Joy Wu, MD, PhD
Assistant Professor of Medicine (Endocrinology)
Co-Director, Translational Investigator Program
Stanford University School of Medicine
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1) What does a typical day look like in your job?
My typical work day starts around 8am, after sending our daughters off to school. At work the only constant is that I spend one day a week in clinic, seeing patients with osteoporosis and metabolic bone disease. I also block off a morning each week for lab meetings and/or updates with each of my lab members. I’m always available for any issues or questions, but I try to check in with everyone in person at least once a week. The rest of my time is spent juggling the various tasks of an academic physician-scientist. I try to devote the bulk of my time to writing grants and manuscripts, but there are also meetings, seminars, service, and clinical teaching.
My evenings usually involve the kids’ lessons, practice, or homework, and I exercise 3-4 times a week at the gym or running. After dinner I spend an hour or two catching up on email or other work. I like to read a little for fun every night before going to sleep, but sometimes I only last a page!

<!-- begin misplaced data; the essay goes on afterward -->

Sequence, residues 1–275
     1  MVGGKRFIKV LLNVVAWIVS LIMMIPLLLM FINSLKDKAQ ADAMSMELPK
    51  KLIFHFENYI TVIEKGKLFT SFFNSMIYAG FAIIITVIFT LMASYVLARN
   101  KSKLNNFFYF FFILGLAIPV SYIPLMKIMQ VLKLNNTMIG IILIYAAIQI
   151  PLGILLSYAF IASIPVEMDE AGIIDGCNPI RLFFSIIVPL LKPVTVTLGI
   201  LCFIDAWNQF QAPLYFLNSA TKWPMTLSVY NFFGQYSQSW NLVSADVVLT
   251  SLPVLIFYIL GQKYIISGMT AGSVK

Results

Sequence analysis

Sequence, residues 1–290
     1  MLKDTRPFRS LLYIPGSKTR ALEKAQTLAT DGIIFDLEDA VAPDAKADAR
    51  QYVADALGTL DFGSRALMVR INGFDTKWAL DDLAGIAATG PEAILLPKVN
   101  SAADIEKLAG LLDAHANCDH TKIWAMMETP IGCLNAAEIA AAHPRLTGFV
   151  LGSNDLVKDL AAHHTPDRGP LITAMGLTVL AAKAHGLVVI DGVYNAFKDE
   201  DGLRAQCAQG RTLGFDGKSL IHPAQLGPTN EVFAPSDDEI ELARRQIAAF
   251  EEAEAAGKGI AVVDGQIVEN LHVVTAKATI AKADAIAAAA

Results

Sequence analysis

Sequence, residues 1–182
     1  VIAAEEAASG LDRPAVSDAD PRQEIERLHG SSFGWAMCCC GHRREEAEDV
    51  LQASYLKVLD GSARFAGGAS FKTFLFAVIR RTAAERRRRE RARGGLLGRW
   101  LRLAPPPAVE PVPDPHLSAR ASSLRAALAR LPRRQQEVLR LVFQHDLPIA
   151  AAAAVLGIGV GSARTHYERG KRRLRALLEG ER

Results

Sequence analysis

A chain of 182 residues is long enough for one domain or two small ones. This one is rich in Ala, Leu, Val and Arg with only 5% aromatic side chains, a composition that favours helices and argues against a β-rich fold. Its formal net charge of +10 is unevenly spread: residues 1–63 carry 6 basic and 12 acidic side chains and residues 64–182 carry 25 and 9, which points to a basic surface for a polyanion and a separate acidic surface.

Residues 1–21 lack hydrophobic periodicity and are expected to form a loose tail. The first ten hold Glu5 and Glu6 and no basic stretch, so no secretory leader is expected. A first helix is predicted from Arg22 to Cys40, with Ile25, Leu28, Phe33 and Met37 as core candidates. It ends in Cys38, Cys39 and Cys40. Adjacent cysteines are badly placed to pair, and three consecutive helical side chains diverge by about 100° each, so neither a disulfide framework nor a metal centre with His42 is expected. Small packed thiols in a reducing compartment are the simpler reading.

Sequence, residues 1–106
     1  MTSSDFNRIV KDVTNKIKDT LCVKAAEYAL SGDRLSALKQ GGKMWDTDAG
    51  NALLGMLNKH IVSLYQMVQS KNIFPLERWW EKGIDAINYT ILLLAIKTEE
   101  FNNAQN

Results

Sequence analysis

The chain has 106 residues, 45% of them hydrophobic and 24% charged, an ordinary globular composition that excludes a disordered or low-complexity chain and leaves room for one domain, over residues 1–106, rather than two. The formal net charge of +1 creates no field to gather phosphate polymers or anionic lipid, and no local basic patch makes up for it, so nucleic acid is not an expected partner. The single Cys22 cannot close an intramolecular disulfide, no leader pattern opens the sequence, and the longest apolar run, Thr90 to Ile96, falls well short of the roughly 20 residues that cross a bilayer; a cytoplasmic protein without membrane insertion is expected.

2) What is your favorite aspect of your job?
The environment of curiosity and learning. I love discussing data and experiment ideas with my lab members, hearing about the latest research, thinking about new avenues of investigation, and working through patient cases with my colleagues and clinical fellows.
3) What is the most challenging aspect?
Finding sustained time for things that require concentration, like writing grants to stay funded.
4) What led you to this career choice?
I had always wanted to go into medicine, then in college I worked in a lab for two years and loved the research and lab camaraderie. Going out for ice cream with my labmates on Friday afternoons probably helped too! When I learned that there are combined MD/PhD programs, I knew that was what I wanted to do. For me being a physician-scientist combines the immediate satisfaction of caring for patients with the intellectual freedom and delayed gratification of doing research.
5) What do you know now that you wish you knew as an early-stage investigator?
I had public speaking training early on that has proved immensely helpful in my career. But I wish I’d known just how much writing there would be (not just grants and manuscripts, but reference letters, reviews, clinic notes, emails, etc), and sought out training in good writing as well. As scientists and physicians we can be guilty of writing in obscure language. Recently I’ve taken a grant-writing class that focuses on writing with clarity, and that has really changed how I approach everything I write.